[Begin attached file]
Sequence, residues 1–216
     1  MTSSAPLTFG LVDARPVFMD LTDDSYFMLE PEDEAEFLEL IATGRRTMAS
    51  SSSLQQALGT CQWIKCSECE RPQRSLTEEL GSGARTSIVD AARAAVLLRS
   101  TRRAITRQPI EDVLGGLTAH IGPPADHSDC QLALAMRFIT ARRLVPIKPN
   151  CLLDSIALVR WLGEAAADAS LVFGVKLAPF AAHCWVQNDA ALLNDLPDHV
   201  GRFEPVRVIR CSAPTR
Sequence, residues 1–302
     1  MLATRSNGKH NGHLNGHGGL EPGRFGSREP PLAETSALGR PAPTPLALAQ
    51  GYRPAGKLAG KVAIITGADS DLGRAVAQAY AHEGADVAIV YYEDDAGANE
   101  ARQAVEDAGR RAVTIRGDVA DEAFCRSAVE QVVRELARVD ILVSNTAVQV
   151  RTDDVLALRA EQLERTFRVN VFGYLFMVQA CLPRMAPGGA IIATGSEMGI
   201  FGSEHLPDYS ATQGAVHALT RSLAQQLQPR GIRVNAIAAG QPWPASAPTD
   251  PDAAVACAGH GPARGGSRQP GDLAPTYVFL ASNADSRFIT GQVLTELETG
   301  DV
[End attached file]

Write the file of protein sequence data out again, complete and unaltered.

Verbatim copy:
Sequence, residues 1–216
     1  MTSSAPLTFG LVDARPVFMD LTDDSYFMLE PEDEAEFLEL IATGRRTMAS
    51  SSSLQQALGT CQWIKCSECE RPQRSLTEEL GSGARTSIVD AARAAVLLRS
   101  TRRAITRQPI EDVLGGLTAH IGPPADHSDC QLALAMRFIT ARRLVPIKPN
   151  CLLDSIALVR WLGEAAADAS LVFGVKLAPF AAHCWVQNDA ALLNDLPDHV
   201  GRFEPVRVIR CSAPTR
Sequence, residues 1–302
     1  MLATRSNGKH NGHLNGHGGL EPGRFGSREP PLAETSALGR PAPTPLALAQ
    51  GYRPAGKLAG KVAIITGADS DLGRAVAQAY AHEGADVAIV YYEDDAGANE
   101  ARQAVEDAGR RAVTIRGDVA DEAFCRSAVE QVVRELARVD ILVSNTAVQV
   151  RTDDVLALRA EQLERTFRVN VFGYLFMVQA CLPRMAPGGA IIATGSEMGI
   201  FGSEHLPDYS ATQGAVHALT RSLAQQLQPR GIRVNAIAAG QPWPASAPTD
   251  PDAAVACAGH GPARGGSRQP GDLAPTYVFL ASNADSRFIT GQVLTELETG
   301  DV